The Power of a Simple Word
Noah was a righteous man, blameless among the people of his time, and he walked with God. Genesis 6:9
The story of Noah in Genesis 6 illustrates why but is one of the most powerful words in the Bible.
In the centuries that followed the fall of Adam and Eve, the world became a very wicked place. Genesis 6:6 says, “The LORD saw how great man’s wickedness on the earth had become, and that every inclination of thoughts of his heart was only evil all the time.” Sounds pretty hopeless, right?
Then comes verse 8: “But Noah found favor in the eyes of the LORD.” “Found favor” doesn’t mean that Noah was walking alongside a creek one day and stumbled on a box full of God’s grace. Noah isn’t the “doer” of the action; he’s the “receiver”—God reached down and showered His grace on Noah.
Why? Verse 9 tells us. First, Noah was “righteous.” That’s a judicial term—God had declared Noah righteous in His eternal court of justice. Paul makes a similar statement in Romans when he says that Abraham believed God and “it was credited to him as righteousness” (4:22).
Noah was also “blameless.” That means his reputation was unblemished. People knew that Noah “walked with God” because his conduct and character matched his words.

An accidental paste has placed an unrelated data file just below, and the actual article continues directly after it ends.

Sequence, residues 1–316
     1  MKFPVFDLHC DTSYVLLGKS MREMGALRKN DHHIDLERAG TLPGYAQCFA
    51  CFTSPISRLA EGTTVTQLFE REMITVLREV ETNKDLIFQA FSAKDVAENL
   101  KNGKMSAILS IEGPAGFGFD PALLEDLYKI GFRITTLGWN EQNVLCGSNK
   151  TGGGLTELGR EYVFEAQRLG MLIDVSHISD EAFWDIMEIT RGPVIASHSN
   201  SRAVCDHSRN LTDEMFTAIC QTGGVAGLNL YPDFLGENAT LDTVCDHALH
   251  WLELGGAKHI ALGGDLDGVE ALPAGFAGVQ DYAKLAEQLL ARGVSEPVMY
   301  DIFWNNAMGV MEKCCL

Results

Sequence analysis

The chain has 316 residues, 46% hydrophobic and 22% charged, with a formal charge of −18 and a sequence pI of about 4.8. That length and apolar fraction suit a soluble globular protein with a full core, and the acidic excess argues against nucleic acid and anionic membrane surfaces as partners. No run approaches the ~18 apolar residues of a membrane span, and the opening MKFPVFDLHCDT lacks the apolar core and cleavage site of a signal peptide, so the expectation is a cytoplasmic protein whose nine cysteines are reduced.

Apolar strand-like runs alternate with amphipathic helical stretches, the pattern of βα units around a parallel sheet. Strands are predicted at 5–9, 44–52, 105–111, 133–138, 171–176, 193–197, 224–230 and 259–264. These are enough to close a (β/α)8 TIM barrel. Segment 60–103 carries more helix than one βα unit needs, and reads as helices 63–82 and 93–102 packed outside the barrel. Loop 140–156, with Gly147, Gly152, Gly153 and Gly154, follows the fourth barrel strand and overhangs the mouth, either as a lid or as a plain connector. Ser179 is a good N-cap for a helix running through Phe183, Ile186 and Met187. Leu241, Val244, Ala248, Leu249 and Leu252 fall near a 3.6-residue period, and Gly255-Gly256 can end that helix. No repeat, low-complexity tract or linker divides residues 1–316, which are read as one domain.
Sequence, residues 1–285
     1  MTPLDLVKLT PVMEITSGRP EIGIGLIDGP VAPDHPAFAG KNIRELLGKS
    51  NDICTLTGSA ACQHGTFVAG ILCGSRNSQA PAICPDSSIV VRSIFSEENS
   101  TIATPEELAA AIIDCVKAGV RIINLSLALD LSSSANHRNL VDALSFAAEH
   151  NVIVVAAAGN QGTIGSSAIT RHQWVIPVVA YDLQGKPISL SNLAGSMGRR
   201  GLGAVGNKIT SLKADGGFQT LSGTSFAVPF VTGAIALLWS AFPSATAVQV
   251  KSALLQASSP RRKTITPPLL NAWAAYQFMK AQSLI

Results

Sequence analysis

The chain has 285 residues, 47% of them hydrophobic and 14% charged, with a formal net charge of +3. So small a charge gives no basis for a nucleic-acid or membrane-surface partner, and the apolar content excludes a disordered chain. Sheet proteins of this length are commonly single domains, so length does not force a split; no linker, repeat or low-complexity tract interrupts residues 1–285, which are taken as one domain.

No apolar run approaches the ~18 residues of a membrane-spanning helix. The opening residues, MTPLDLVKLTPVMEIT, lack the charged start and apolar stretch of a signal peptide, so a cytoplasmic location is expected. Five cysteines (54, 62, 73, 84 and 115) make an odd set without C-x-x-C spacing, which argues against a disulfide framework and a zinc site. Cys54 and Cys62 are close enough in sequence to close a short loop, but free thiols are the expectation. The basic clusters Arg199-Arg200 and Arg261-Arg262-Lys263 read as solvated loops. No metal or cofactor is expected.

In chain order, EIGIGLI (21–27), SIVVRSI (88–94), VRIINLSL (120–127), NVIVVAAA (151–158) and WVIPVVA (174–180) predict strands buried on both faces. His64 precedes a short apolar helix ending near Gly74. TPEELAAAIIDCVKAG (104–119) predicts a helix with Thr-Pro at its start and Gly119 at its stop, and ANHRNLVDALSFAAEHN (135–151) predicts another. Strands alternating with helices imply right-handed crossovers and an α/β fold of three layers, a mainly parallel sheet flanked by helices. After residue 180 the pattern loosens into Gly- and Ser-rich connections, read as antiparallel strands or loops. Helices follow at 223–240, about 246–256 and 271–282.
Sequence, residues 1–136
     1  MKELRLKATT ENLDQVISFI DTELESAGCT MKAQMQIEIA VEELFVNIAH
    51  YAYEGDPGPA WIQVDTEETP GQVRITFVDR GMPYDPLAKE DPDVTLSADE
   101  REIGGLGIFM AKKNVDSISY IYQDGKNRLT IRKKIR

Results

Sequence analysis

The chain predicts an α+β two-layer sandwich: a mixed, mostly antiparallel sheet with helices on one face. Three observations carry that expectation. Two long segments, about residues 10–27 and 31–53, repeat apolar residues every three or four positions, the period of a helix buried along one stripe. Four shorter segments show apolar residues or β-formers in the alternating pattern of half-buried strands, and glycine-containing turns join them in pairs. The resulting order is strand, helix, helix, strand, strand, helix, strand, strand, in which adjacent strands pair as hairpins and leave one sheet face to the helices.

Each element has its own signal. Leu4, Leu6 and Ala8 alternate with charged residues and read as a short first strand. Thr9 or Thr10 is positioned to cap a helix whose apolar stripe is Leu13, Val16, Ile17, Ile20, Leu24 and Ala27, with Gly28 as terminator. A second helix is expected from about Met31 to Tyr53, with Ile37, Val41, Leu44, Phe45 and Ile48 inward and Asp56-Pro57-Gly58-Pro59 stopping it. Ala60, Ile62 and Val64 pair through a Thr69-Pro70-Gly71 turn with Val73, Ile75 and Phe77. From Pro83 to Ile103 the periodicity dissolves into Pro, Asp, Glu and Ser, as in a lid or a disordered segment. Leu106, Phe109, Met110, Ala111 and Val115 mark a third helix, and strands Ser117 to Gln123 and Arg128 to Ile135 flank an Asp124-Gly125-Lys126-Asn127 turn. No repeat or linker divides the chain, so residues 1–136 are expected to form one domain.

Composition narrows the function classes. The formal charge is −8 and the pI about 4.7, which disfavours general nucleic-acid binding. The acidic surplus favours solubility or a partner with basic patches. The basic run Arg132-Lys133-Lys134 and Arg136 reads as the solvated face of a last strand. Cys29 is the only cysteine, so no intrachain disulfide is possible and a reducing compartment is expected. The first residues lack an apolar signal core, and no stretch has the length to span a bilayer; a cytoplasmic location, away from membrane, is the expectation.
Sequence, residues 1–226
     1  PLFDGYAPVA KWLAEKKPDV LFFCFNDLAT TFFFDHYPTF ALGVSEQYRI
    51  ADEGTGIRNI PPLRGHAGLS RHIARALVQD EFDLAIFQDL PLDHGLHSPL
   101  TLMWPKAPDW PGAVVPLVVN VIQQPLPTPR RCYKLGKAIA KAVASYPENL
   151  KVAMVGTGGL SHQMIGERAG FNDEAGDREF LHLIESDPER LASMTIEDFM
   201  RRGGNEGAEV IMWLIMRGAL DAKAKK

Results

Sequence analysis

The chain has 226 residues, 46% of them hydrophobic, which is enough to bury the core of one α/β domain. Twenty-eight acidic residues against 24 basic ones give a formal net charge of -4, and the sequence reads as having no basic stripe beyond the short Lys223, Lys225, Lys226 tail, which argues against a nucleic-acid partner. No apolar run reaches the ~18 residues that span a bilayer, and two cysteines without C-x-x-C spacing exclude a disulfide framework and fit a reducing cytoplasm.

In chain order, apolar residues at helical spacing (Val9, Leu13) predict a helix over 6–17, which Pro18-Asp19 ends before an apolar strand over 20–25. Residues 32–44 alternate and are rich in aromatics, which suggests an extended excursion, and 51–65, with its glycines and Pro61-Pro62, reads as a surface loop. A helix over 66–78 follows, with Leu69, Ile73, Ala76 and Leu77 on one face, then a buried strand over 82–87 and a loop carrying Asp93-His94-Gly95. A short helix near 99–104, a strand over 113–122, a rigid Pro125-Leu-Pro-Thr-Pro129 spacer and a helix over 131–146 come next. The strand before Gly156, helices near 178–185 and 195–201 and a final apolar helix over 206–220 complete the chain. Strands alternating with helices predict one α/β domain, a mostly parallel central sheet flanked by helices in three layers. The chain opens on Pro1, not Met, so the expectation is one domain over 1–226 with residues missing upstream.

Noah responded to the gift of God’s grace with obedience. First he cultivated a relationship with God. The strength of that relationship enabled him to do “everything just as God commanded him” (6:22). That included the construction of an ocean liner—even though there was no ocean. Not yet.
We should also respond to God’s grace with obedience no matter how bizarre His instructions may seem: Put the needs of others ahead of our own. Forgive those who wrong us. Wait for His timing. Praise Him in the midst of all circumstances.
Our culture may seem as wicked as Noah’s was. But God still sees and rewards those who walk with Him. Are we willing to follow Noah’s example?
Read Romans 4:13-25. What does Abraham’s example teach us about the righteousness God gives us and the faith He expects of us?
But is a powerful word throughout Scripture. Meditate on the truths of these verses: Genesis 39:21, 45:8; Exodus 13:18; Psalm 73:26; Romans 5:8; 1 Corinthians 1:27; 1 Corinthians 10:13. (Not all versions use but in these verses, but the contrast is evident. Use the KJV to see the buts).
Read Paul’s testimony in Galatians 6:14. What is his desire? What is your chief desire?
Denise K. Loock